GOD: 300 U/g of paste

invertase: 28,000 U/g of paste

p-ferrocenylaniline: 0.1% by weight of paste.

(b) Determination of sucrose

FIG. 16 shows the shape of the signal obtained with this electrode in a phosphate buffer medium of pH≈8.9, in the absence of sucrose (curve a) and after addition of sucrose (curve b).

In FIG. 17 the variations in I as a function of the sucrose concentration (expressed as mM) have been plotted under the following conditions:

phosphate buffer medium of pH≈8.9;

scanning speed: 2 mV/s

The relationship between the signal and the sucrose concentration is a straight line relationship.

The determination of sucrose can advantageously be carried out with the aid of a three-enzyme electrode by incorporating, into the paste described under (a), mutarotase which will have the role of shifting the equilibrium existing between the α and β anomers of glucose (formed owing to the invertase) in favor of the β anomer, which will then be detected directly by the electrode. A three-enzyme electrode of this type then has a stronger signal than that given by the two-enzyme electrode and thus enables very low sucrose concentrations to be detected.

EXAMPLE 9

Determination of ethanol with the aid of a carbon paste electrode containing alcohol dehydrogenase and AND.

(a) Preparation of the electrode

The electrode is prepared as in Example 2(a), except that AND+ replaces the mediator, the chosen amount of AND+ being dissolved in water and then added to the carbon powder.

(b) Determination of ethanol

FIG. 18 shows the signal obtained with this electrode in a phosphate buffer medium of pH≈8.9, in the absence of ethanol (curve a) and after addition of ethanol (curve b).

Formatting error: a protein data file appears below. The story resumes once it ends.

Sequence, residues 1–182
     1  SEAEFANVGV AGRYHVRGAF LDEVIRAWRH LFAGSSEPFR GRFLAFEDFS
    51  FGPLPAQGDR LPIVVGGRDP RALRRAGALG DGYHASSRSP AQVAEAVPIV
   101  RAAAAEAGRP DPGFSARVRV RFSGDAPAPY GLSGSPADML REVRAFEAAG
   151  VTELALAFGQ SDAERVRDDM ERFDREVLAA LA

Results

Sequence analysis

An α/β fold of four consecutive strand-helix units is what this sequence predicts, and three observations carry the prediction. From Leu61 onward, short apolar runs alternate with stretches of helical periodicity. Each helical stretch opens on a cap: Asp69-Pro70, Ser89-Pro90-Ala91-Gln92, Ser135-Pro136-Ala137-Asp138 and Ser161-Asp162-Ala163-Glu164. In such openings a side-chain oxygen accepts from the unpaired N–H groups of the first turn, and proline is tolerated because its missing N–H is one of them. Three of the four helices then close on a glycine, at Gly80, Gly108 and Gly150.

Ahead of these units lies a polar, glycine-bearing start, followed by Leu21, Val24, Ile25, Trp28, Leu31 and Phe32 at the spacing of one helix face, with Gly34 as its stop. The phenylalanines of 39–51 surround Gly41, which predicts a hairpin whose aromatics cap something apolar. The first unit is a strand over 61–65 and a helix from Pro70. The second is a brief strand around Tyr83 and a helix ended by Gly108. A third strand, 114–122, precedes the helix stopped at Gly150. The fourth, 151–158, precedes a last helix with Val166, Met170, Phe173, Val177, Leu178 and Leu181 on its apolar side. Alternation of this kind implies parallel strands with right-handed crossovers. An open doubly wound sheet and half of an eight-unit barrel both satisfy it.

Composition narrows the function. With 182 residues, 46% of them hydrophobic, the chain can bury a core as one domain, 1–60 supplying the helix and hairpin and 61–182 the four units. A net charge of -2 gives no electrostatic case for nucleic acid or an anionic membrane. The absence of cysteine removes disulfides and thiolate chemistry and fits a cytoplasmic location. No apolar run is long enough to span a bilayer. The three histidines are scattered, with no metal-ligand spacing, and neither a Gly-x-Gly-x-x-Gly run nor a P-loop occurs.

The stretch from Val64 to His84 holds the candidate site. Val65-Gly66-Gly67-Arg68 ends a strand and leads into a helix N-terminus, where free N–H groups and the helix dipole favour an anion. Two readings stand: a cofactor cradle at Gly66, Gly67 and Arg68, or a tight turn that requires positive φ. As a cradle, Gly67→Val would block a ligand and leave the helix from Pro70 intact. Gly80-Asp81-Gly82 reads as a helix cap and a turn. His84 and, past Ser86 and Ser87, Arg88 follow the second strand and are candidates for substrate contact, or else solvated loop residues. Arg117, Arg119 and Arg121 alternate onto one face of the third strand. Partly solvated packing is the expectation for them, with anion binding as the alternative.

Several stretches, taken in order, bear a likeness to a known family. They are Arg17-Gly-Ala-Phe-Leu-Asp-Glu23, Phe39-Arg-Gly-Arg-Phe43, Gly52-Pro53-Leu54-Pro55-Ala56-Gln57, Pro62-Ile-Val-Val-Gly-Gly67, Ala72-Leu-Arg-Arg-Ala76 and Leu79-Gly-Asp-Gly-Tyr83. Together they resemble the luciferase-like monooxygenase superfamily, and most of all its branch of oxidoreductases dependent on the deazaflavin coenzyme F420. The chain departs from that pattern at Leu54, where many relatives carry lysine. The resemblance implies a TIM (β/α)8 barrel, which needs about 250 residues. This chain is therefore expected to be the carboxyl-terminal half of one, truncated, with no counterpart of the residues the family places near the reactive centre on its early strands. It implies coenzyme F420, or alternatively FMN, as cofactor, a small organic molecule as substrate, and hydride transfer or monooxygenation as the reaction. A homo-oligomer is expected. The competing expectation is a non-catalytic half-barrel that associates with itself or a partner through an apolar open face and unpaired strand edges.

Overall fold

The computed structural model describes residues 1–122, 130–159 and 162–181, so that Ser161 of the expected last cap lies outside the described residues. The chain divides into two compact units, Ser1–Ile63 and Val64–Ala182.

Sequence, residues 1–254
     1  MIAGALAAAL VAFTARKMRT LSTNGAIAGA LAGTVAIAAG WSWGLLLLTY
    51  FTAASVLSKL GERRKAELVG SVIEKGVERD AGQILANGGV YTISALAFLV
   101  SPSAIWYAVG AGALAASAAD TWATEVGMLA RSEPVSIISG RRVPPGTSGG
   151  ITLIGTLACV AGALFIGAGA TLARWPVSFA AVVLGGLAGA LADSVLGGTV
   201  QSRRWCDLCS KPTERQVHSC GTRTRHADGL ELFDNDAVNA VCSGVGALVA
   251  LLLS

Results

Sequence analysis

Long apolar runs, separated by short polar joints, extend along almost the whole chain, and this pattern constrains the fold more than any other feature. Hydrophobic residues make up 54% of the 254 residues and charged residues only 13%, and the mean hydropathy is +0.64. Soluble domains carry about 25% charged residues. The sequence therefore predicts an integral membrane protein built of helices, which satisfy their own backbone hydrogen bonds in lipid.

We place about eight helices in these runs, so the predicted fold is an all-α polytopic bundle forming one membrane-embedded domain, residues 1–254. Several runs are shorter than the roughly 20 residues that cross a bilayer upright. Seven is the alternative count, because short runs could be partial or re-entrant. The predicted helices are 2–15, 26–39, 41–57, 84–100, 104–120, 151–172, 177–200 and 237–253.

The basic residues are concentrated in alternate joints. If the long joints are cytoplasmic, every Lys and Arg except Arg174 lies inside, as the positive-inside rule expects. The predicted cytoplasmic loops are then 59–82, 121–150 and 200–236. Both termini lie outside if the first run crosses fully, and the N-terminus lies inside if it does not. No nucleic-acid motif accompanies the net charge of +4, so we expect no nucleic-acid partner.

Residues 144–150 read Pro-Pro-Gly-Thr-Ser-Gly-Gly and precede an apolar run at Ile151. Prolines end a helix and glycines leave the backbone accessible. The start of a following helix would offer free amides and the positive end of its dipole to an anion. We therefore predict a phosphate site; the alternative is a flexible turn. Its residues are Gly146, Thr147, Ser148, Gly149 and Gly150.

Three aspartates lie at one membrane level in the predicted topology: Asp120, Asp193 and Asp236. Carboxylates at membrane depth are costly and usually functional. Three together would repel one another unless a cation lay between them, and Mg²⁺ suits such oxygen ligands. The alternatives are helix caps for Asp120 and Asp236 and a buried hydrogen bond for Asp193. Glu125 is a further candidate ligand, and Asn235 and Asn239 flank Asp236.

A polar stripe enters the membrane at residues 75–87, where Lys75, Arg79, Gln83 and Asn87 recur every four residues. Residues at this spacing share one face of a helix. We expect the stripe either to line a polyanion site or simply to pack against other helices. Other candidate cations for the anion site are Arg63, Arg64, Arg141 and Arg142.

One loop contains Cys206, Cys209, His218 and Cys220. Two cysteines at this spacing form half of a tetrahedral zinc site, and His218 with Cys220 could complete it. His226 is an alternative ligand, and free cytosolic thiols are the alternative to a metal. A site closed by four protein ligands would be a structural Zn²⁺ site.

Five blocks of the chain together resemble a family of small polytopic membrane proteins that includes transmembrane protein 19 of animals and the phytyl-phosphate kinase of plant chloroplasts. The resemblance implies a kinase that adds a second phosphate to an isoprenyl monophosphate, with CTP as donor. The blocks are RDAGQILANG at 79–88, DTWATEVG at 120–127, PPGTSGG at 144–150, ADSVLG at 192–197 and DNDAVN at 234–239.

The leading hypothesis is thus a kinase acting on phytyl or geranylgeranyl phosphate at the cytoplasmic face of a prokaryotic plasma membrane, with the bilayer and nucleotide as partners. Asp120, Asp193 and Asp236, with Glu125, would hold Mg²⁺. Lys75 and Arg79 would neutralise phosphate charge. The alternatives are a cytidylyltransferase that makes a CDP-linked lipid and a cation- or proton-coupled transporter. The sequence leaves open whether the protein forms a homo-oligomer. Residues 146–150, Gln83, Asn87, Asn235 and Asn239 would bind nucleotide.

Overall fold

In FIG. 19 the curve representing the variation in I as a function of the concentration (v/v) of ethanol/water has been plotted. The conditions are as follows:

phosphate buffer medium of pH≈8.9

scanning speed 50 mV/s

The relationship is a straight line relationship.

The enzymatic electrode according to the invention can be used in all fields employing enzymatic reactions, drawing benefit from their selectivity, for example for determinations in the chemical industry, in the medical and biological fields and in the agro-food-stuffs industries.

Claims (20)

We claim:
1. An enzymatic electrode in the form of a matrix comprising a substantially homogenous admixture of a conducting powder and a member selected from the group consisting of (a) at least one immobilized enzyme, (b) an immobilized enzyme and a mediator agent and (c) an immobilized enzyme and a co-enzyme, wherein neither the mediator agent nor the co-enzyme is crosslinked to the matrix.
2. An enzymatic electrode of claim 1 having an intimately combined enzymatic part and detection part said electrode having a surface available for direct contact with a substrate without a permeable or semi-permeable intermediate membrane or membranes.
3. Electrode according to claim 2, which is constructed and adaptable is of the disposable, once-only use, type.
4. An electrode according to claim 2, wherein the conducting powder is carbon powder or graphite powder.
5. An electrode according to claim 2, wherein the conducting powder is capable of forming a matrix and physically, confining the enzyme.